When I first moved to Kenya I brought 10 boxes. When I moved to Tanzania I brought 25 boxes. Now we are leaving Tanzania with 100 boxes including bits of furniture, wedding presents, keepsakes and just everyday stuff that we’ll need in our new lives. It’s taken almost 6 weeks to pack it all – carefully bubble wrapping each item and then placing them into sawdust filled boxes; getting bubble wrap from Kenya; begging boxes from everywhere we can think of; buying endless tape. All the bending and lifting has nearly killed me – it hasn’t thanks to great friends and staff who have helped out (in particular Gerry and Musa this could not have been accomplished without you), but it has not been fun. Oh and every box must be listed with its contents in a typed document. BUT, and here’s the big ‘but’, it’s not really ok to pack it yourself. If you do, you don’t get the same level of insurance. Of course if you don’t you risk it being packed badly by the moving company and breaking on the way anyway! You can’t really win. All I can say is our boat had better stay afloat when we finally get it all into a container and onto a ship!
Plus we have the added complications of rainy season. Some of the stuff I’d already packed was temporarily outside at the end of last week when the first rains hit. Turns out cardboard packing is super absorbent! I’ve had to remove all the packing (which stank!) and I’m now in the process of repacking it all again – oh joy! More bubble wrap!
Of course you don’t pack everything. There’s a lot that needs to be sold or donated or bequested to friends. Now this is a whole other side show. Postings on Facebook; open house sale days (I survived two of these); coordinating people who promise to pay you later; and planning for those who can’t collect their stuff until after you’ve gone because you need it – like the bed or the fridge; oven or last frying pan. It’s a juggling act of note!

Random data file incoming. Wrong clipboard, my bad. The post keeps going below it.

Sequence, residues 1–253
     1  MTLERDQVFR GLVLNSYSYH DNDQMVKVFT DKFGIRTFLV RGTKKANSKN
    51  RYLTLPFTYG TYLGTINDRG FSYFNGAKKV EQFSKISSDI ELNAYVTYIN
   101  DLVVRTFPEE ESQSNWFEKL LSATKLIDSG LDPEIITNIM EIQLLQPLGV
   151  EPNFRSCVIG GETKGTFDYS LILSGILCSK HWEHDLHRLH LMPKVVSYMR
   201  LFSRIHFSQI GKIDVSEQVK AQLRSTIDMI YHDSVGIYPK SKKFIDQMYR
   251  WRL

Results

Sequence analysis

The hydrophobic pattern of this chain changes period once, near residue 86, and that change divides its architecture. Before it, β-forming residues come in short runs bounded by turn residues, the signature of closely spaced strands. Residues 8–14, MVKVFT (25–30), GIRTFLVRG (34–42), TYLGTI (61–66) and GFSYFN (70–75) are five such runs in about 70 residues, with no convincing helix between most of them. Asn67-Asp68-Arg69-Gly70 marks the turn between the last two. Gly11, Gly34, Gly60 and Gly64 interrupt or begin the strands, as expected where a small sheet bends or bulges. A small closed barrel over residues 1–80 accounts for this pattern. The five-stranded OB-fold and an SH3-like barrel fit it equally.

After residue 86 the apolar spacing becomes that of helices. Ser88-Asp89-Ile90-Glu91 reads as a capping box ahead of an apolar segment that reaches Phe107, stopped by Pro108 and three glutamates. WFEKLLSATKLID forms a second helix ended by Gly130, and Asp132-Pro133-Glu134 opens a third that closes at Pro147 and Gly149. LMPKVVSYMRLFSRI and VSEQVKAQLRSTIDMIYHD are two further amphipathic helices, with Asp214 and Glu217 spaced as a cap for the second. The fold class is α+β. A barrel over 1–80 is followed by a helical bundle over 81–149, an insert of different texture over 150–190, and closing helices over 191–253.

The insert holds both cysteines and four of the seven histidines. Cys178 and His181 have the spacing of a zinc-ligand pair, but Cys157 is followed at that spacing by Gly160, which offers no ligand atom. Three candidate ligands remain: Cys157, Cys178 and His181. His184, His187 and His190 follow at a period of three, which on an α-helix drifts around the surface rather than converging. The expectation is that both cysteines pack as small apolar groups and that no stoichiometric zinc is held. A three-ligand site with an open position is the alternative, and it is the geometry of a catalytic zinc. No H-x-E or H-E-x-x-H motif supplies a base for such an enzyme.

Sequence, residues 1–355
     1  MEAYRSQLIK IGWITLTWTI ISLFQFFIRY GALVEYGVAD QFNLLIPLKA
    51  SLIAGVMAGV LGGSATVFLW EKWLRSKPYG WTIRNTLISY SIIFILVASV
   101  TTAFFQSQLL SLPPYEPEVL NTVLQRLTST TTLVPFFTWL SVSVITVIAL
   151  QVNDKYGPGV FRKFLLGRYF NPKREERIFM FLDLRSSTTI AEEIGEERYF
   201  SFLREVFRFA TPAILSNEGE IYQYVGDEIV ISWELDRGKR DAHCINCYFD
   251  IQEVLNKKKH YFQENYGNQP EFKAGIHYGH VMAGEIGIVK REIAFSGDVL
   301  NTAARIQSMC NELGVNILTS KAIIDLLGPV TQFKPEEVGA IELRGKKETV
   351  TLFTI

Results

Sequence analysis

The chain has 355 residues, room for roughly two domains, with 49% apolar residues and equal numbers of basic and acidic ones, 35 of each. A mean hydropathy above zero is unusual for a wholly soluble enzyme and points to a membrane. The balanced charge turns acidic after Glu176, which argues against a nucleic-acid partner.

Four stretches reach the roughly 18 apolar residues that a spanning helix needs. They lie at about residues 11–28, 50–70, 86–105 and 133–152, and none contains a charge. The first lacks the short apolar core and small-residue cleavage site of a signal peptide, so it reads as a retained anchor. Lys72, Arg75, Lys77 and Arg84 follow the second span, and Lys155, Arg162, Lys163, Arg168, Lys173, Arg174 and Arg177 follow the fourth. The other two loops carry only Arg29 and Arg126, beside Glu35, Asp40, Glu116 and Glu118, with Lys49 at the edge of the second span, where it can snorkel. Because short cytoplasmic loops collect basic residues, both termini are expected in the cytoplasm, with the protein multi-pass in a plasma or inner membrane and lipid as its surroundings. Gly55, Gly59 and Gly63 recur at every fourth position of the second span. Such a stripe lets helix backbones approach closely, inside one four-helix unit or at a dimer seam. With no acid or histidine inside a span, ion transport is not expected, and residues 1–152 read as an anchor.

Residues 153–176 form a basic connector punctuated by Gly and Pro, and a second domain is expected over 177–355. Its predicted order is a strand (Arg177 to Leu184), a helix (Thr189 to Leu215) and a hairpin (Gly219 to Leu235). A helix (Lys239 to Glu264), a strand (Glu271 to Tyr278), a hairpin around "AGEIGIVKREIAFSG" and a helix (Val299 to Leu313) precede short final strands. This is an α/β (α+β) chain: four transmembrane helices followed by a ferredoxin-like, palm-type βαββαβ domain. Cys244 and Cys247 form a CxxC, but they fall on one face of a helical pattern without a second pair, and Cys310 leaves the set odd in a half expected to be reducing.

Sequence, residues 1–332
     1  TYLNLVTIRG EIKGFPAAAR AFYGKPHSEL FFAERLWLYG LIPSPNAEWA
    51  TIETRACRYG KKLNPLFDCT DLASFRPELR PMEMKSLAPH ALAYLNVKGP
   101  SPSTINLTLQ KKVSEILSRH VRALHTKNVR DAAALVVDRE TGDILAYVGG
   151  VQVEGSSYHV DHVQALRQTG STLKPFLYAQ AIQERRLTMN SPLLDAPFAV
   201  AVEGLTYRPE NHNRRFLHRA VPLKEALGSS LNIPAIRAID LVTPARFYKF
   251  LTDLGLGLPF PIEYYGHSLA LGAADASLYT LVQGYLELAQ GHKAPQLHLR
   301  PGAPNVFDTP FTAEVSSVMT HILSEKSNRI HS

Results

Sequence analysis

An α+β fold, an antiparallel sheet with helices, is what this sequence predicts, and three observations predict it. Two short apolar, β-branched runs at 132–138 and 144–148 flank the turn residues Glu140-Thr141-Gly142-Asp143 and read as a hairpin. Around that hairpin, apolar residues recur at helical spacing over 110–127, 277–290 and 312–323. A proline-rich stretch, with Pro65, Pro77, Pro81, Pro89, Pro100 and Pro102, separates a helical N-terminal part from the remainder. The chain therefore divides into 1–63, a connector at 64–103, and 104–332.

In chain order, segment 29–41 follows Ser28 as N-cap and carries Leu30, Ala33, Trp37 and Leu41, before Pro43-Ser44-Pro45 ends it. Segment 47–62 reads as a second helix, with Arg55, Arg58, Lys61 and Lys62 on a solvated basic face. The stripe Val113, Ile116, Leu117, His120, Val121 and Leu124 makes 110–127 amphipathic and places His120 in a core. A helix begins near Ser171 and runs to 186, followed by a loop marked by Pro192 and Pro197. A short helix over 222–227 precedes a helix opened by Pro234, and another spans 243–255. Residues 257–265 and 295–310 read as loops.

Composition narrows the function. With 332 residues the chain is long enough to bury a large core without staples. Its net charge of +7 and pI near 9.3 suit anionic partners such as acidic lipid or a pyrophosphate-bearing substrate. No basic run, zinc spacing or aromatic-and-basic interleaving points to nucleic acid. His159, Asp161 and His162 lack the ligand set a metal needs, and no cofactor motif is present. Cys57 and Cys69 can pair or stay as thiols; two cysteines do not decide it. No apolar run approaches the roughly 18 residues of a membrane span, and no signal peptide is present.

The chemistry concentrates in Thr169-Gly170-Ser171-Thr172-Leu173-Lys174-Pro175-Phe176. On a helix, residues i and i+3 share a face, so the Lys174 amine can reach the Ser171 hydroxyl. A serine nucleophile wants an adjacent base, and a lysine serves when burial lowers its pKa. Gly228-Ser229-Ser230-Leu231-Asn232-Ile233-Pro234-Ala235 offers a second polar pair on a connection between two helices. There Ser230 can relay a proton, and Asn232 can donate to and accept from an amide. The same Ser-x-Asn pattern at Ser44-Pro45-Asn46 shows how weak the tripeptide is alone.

Right now we’re living with barely any curtains, a borrowed fridge, minimal kitchenware, and no car – I sold mine last week!
I could go on. I haven’t even got to the events I’ve started to plan but now, sadly, won’t be here for and so need to hand over; the freelance work I have to wrap up; bank accounts that need closing; changing telephone numbers; and – of course – most of all the wonderful people we have to say goodbye to – friends, people we’ve worked with, our house staff.
It’s no mean feat leaving your life behind. When I did it initially, leaving the UK, I was leaving a life I knew I would return to, even if it was just for visits. I didn’t have to shut everything down so completely. Don’t get me wrong, we know we’ll be back in Kenya and Tanzania, we have family here and we belong here, but this will no longer be our lives. At least not for the foreseeable future. And that’s suddenly become overwhelmingly clear as I sat here and actually typed out all that has been weaving through our daily lives over the past 6 weeks.
There are some wonderful poems about how you never really Africa if you have loved it, and there’s no doubt this story isn’t over, but this chapter almost is. The next two weeks are going to be tough.
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My favourite little snippet about leaving Africa:
Africa smiled a little when you left. “We know you,” Africa said, “We have seen and watched you, We can learn to live without you, But we know we needn’t yet.” And Africa smiled a little when you left. “You cannot leave Africa,” Africa said. … … … … “It is always with you,there inside your head. Our rivers run …in currents,in the swirl of your thumbprints; Our drumbeats, counting out your pulse, Our coastline, The silhouette of your soul.” So Africa smiled a little when you left. “We are in you,” Africa said. “You have not left us, yet.” …. Author: Unknown
* * *
When you have acquired a taste for the dust,
And the scent of our first rain,
You’re hooked for life on Africa,
And you’ll not be right again
Until you can watch the setting moon
And hear the jackals bark,
And know they are around you
Waiting in the dark.
When you long to see the elephants
Or hear the coucal’s song,
When the moonrise sets your blood on fire,
The you’ve been away too long.
It’s time to cut the traces loose,
And let your heart go free,
Beyond that far horizon
Where your spirit yearns to be.
Africa is waiting – come!
Since you have touched the open sky
And learned to love the rustling grass
And the wild fish eagle’s cry.
You’ll always hunger for the bush,
For the lion’s rasping roar,
To camp at least beneath the stars
And be at peace once more.